Corrections Corporation of America (CCA), the same for-profit prison corporation opening a controversial new detention center for refugee families this week in Dilley, Texas, accidentally tear-gassed children last week at a South Texas middle school near another one of its prisons. [node:read-more:link]
The facility in Dilley, a converted “man camp” for oil workers, will replace a temporary government holding center in Artesia, New Mexico. Critics say it is both inhumane and unnecessary, given the dramatic slowdown in border crossings in recent months.
“The whole return of mass detention for little kids and their mothers is pretty appalling,” said Bob Libal, executive director of Grassroots Leadership, a nonprofit that opposes for-profit prisons.
Libal noted that the Corrections Corp. of America ran a similar facility near Austin that encountered lawsuits.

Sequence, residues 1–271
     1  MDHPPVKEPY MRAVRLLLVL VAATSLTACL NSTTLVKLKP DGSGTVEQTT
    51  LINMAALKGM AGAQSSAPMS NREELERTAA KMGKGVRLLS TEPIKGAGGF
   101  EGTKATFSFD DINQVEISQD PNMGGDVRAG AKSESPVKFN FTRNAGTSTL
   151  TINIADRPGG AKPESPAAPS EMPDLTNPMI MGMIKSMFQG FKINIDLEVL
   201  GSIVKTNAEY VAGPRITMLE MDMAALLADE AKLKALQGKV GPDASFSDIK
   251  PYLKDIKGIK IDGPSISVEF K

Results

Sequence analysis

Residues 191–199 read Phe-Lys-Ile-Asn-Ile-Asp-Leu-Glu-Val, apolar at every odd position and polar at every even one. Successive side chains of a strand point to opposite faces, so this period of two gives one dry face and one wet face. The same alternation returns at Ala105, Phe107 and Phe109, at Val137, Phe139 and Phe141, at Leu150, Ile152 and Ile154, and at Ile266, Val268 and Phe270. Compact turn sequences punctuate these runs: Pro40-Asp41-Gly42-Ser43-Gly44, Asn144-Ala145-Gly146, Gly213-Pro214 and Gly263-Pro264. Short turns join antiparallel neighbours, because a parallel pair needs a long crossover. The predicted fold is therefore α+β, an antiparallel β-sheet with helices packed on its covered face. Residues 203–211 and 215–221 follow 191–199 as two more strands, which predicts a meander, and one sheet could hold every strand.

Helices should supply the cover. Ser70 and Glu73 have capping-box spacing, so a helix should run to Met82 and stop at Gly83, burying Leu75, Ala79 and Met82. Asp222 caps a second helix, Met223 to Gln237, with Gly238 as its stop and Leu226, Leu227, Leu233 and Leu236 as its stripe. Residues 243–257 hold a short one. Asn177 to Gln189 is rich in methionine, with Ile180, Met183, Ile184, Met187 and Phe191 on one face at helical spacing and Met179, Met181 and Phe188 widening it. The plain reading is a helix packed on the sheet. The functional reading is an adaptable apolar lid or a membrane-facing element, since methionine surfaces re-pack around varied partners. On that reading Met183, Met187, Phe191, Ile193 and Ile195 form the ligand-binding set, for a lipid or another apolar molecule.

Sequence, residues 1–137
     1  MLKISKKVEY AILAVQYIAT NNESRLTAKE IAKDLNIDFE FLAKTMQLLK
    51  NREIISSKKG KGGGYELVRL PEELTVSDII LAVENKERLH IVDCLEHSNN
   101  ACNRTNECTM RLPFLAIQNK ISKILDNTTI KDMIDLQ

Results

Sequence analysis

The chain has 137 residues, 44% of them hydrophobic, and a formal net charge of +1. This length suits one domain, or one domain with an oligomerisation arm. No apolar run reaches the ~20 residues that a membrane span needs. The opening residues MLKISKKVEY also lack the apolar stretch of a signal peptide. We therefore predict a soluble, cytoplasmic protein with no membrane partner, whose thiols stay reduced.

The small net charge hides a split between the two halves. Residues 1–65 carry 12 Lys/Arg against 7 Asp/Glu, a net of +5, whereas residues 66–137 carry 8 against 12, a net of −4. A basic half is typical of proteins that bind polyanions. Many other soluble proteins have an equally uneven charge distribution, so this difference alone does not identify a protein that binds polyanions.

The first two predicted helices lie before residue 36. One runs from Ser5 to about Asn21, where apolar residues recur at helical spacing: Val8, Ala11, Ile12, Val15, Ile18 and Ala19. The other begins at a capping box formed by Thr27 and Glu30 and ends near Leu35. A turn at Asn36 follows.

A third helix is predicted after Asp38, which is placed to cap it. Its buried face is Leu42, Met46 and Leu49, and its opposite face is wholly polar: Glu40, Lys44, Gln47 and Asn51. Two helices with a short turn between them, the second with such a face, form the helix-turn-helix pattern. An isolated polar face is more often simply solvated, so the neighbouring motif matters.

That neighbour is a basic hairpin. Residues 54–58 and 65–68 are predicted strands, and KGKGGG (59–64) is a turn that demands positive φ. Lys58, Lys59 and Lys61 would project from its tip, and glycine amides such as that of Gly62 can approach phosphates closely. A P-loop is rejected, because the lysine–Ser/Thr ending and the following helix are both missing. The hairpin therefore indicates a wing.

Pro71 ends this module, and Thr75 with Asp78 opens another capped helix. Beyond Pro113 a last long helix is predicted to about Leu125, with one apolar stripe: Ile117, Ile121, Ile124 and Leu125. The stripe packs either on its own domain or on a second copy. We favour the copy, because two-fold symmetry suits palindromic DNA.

Several Texas lawmakers, including Lamar Smith, R-San Antonio and Pete Gallego, D-Alpine, have raised questions about the cost-effectiveness and transparency of the procurement process.
We have a big challenge at Grassroots Leadership. There is a lot of work to be done, and fighting a billion dollar for-profit prison industry is not easy work. But there is also much to be thankful for. The hard work of Grassroots Leadership staff, volunteers, and allies is really helping change the world to make it more just. Here are a few of the things that we at Grassroots Leadership are thankful for this year.
1. Organizing Wins #ImmigrationAction, & Those Who Continue to Push for #Not1More Deportation! [node:read-more:link]